O'Neill hopes Warriors can pass 2nd Duke test

March 24, 1994|By Gary Lambrecht | Gary Lambrecht,Sun Staff Writer

KNOXVILLE, TENN — KNOXVILLE, Tenn. -- How far have the Marquette Warriors come? Far enough to give themselves a chance to return a favor to Duke tonight in the biggest game Marquette has played in 15 years.

The basketball revival at Marquette is in full swing under fifth-year coach Kevin O'Neill. The Warriors are an era removed from the days of Al McGuire and the 1977 national title that stands as the program's hallmark achievement. But, they have also left behind the mediocrity that defined the team throughout the latter half of the 1980s.

Two years ago, Marquette quietly won 16 games in its first year as a member of the Great Midwest Conference. Last year, the Warriors enjoyed their first 20-win season in eight years, before bowing out in the opening round of their first NCAA tournament since 1983. Last week, however, the Warriors, seeded sixth in the Southeast Region, grabbed the nation's attention by upsetting third-seeded Kentucky, 75-63, in the second round.

Which brings Marquette (24-8) to the bright lights of the Sweet 16. Marquette has not gone this deep into the national tournament since 1979. When they take the floor in the regional semifinal at Thompson-Boling Arena tonight against second-seeded, tournament-tested Duke, the Warriors will face a team that gave them a memorable lesson three years ago, when O'Neill's rebuilding project was in its infancy.

It was the opening round of the Preseason NIT. Duke whipped Marquette, 87-74, in the first step of the Blue Devils' drive to a national championship. For Marquette, it was the first growing pain of an 11-18season.

"I remember that game. We really thought that, as freshmen, we were going to come in, score a lot and do whatever we wanted," Marquette senior forward Damon Key said. "Duke put us into reality."

"Then we went out to Kansas and they spanked our bottoms," O'Neill recalled. "After that, we knew we had a lot of work to do, but we also knew that if we stuck to it, we would get our opportunities."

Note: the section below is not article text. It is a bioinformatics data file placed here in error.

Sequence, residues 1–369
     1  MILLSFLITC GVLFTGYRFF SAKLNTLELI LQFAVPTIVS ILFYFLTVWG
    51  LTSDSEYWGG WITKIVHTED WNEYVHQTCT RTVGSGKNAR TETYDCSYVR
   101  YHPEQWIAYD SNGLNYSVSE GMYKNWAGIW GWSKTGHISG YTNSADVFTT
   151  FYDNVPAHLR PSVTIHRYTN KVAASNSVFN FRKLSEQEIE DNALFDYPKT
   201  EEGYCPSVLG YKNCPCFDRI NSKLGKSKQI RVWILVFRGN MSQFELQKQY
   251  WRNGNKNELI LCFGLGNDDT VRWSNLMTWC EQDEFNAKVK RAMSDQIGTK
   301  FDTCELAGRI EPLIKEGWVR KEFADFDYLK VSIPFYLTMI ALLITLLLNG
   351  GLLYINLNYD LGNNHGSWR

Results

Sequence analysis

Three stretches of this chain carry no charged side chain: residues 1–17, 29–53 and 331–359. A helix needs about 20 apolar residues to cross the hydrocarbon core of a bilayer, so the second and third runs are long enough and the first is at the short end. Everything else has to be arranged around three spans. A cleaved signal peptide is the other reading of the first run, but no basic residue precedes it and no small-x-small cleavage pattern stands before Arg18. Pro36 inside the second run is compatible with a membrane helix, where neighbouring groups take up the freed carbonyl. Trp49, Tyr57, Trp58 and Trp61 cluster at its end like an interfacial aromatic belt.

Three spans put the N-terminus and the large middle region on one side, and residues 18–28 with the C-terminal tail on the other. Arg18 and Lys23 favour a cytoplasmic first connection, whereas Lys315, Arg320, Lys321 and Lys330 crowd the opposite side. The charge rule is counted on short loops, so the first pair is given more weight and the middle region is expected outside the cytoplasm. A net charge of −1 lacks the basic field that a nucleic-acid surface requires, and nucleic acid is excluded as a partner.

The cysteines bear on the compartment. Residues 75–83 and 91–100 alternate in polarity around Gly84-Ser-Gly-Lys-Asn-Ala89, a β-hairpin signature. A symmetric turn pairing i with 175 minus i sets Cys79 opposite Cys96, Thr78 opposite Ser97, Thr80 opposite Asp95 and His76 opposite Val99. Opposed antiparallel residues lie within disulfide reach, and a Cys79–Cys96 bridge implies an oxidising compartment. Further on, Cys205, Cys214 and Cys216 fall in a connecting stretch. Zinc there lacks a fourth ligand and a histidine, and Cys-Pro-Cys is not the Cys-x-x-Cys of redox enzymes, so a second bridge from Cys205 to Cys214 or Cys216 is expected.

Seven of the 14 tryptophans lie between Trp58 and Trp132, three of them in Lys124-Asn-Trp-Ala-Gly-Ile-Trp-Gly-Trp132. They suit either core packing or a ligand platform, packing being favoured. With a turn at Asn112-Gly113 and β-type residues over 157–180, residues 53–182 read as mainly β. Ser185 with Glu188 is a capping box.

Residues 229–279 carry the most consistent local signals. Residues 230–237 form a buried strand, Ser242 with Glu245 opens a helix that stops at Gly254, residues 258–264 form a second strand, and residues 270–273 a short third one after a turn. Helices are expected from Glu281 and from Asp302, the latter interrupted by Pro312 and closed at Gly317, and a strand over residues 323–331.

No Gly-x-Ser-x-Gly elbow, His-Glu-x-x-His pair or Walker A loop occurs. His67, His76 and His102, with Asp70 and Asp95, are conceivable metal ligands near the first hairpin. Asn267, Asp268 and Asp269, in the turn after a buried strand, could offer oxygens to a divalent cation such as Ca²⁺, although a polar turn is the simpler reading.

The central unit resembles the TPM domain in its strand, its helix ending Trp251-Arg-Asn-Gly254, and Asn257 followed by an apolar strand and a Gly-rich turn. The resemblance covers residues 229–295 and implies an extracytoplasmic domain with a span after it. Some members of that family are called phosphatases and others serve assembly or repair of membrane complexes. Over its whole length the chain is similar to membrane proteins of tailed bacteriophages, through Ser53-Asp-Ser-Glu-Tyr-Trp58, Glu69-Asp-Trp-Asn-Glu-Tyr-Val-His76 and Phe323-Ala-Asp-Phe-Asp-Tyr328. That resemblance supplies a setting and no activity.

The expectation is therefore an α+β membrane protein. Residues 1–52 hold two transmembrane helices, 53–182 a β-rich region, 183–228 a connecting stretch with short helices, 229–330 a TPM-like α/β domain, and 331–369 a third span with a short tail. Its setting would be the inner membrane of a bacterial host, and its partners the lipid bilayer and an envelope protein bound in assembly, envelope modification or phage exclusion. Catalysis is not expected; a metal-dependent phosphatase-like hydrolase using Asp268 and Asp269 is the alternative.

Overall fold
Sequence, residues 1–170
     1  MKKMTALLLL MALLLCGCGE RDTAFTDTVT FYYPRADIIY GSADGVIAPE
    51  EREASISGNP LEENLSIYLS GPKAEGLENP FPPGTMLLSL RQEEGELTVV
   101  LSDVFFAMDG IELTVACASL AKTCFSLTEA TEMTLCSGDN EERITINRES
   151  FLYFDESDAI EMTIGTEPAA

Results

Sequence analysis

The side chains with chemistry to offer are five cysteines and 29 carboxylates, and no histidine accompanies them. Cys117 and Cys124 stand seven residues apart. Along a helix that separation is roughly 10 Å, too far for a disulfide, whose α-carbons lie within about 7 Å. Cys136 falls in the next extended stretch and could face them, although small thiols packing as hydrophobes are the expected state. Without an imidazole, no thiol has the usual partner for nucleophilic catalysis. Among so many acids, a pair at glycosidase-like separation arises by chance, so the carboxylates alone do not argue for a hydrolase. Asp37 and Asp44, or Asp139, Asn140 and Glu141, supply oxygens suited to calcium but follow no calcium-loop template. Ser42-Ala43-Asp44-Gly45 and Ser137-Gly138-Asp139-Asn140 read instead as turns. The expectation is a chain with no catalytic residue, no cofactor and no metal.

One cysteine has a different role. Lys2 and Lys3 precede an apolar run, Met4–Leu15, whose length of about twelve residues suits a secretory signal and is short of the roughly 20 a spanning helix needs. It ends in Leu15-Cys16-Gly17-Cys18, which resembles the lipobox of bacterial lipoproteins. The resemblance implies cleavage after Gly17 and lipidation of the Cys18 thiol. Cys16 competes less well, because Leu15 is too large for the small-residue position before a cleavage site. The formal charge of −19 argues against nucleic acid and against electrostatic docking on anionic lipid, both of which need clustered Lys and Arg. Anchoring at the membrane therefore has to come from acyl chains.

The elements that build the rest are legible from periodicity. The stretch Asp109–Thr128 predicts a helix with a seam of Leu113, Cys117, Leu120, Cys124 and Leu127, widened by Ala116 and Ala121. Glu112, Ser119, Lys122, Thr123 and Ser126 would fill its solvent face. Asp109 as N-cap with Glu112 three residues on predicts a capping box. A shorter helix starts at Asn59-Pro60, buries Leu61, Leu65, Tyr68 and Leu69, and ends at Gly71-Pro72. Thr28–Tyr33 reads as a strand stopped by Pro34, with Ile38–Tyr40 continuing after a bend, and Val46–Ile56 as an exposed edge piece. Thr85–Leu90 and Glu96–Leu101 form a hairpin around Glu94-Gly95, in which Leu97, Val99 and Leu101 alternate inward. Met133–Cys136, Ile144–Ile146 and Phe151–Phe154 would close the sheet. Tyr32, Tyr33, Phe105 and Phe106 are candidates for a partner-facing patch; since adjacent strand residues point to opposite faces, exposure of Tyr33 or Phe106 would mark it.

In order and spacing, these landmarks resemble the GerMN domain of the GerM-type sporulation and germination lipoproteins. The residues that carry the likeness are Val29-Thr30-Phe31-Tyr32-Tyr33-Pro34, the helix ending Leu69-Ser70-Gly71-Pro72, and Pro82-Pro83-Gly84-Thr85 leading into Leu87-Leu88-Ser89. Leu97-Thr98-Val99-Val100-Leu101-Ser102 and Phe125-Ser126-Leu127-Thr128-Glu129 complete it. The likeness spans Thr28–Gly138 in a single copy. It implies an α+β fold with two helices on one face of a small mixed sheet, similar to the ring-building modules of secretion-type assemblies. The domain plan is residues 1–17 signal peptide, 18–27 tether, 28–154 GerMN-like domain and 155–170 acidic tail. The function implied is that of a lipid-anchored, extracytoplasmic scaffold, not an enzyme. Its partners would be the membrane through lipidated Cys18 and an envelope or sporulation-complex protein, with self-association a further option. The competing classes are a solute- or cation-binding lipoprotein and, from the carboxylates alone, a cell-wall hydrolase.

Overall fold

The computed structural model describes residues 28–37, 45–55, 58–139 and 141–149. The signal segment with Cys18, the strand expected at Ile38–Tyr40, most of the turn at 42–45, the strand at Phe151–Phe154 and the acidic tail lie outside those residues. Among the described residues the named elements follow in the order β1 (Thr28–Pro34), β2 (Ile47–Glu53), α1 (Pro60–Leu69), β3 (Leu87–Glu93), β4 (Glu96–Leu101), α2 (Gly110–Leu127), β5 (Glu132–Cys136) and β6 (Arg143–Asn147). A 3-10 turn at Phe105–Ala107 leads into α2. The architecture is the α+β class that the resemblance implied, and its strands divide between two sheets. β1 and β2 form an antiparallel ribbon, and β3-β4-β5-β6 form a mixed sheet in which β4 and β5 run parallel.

Key, guard Robb Logterman and center Jim McIlvaine were freshmen on that team. They were the heart of O'Neill's key recruiting class, and they laid the foundation that has put the Warriors in position to make history.

Defense and discipline best explain Marquette's comeback. Using the size of the 7-foot-1 McIlvaine and the 6-8 Key, the quick hands of point guard Tony Miller and excellent positioning and switching, the Warriors have put up imposing defensive numbers. They are allowing just 62 points per game -- fifth-best in the nation -- and are tops in field-goal percentage defense (35.6). McIlvaine is the country's top shot blocker.

Although they are not one of the quicker teams left in the tournament, Marquette makes up for that shortcoming with a deliberate style that features few mistakes. Miller's assist-to-turnover ratio is nearly 3-to-1.

Miller repeatedly dribbled through Kentucky's fabled pressure defense last week, and burned the smaller Wildcats by getting the ball inside to Key and McIlvaine.

Although Duke matches up better down low with Marquette, Miller and O'Neill did not attempt to hide their strategy when sizing up the Blue Devils.

"Our strength is going to the big guys," Miller said.

"I think whoever establishes an early advantage in the paint has a good chance to win the game," O'Neill said.

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